The European country Hungary has set an excellent example. That defective democratic country has become completely autocratic country. Prime Minister Viktor Urban has been given the power to rule the country until the end of the Coronavirus crisis. As a result, parliamentary elections were effectively canceled. Urban says, he needs to have such capabilities to prevent coronavirus infections. Israeli Prime Minister Benjamin Netanyahu has postponed Hearing a corruption case against him for three months. Interesting thing, corrupted rulers are using this crisis to their favor.

In the post-independence Indian subcontinent, famine and natural disasters have occurred at different times. The Colonial rulers have tried to suppress the citizens through those disasters. Colonially, the Indian subcontinent has also learned how to sell a national crisis and how to suppress and absorb its citizens. Now the government of this subcontinent is still following that same method.  

Where one’s own life is in crisis, there is less opportunity to think about what is happening to others. Ordinary people only want to know more about the pandemic. They try to know how many dead and how many are infected in COVID-19. And they want to know which area is being under lockdown. Because they need to buy some necessary things, so they are seeking which shopping malls are open for all. 

In Bangladesh, the mass media also broadcasting news, according to the needs of ordinary people. The media industry is not able to understand some times it is being used by governmental publicity. And it is the main medium for selling this pandemic. Traditional mass media are not doing any follow-up news about how many people were detained under the Digital Security Act amid the pandemic situation! Even the media did not do any investigative news about how many people lost their lives by extrajudicial killings! How many people have become unemployed? How many farmers are not able to sell their commodities due to the transport crisis? The rich getting richer and the poor getting poorer in the result of the Covid-19 catastrophe.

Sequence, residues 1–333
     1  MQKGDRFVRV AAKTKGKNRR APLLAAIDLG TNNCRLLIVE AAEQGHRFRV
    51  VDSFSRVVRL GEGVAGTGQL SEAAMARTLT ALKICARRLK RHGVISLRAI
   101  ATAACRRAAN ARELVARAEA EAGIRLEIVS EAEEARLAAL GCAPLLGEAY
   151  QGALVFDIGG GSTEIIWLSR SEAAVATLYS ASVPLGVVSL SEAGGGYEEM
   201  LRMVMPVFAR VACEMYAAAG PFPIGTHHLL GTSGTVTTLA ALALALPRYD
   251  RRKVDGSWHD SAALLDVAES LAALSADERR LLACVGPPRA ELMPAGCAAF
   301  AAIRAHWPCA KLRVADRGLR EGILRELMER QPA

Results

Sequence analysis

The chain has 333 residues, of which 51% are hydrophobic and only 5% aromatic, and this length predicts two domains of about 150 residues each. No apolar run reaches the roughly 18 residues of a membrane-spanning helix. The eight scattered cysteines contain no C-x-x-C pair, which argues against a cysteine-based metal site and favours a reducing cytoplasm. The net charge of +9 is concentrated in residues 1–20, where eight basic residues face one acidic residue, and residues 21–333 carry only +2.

The consequence of pandemic is everywhere. This virus not only taking away people’s lives but also taking away the minimum assurance of human survival. It is doing deep damage to human life. That damage cannot be seen with the open eyes. We can only see the statistics. We only see the number of dead and infected people.  

When the state goes through a national crisis, other problems become minor. The same thing has happened in the case of Bangladesh. The ruling government has been ruled since 2008 has now matured. There is no battle in the political ground because of the Covid-19 crisis. So-called opposition party BNP has almost been suppressed. The government has increased surveillance everywhere in the name of Coronavirus confrontation. From airports to people’s personal lives is now under surveillance. At this time the only voice that can be heard is the voice of the government and the voice of the bureaucrats. Where no presence of the common people. In this pandemic, the government seems to have become stronger and more powerful. 

There are no rebellious music-songs, poem-novel amid Covid-19. No criticism in the mass media. Political ground is calm, with no meetings and rallies. Universities and readymade garments are closed. No movement to control road accidents. No movement against rape. No demand for an increase in salaries and allowances of school teachers. People only seeking to save their lives. Is the government able to fulfill the demands of the people? Or the rulers are strengthening themselves by using this Pandemic.     

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South Asia

An Argument on Sino-India Conflict

Ghanwah Ijaz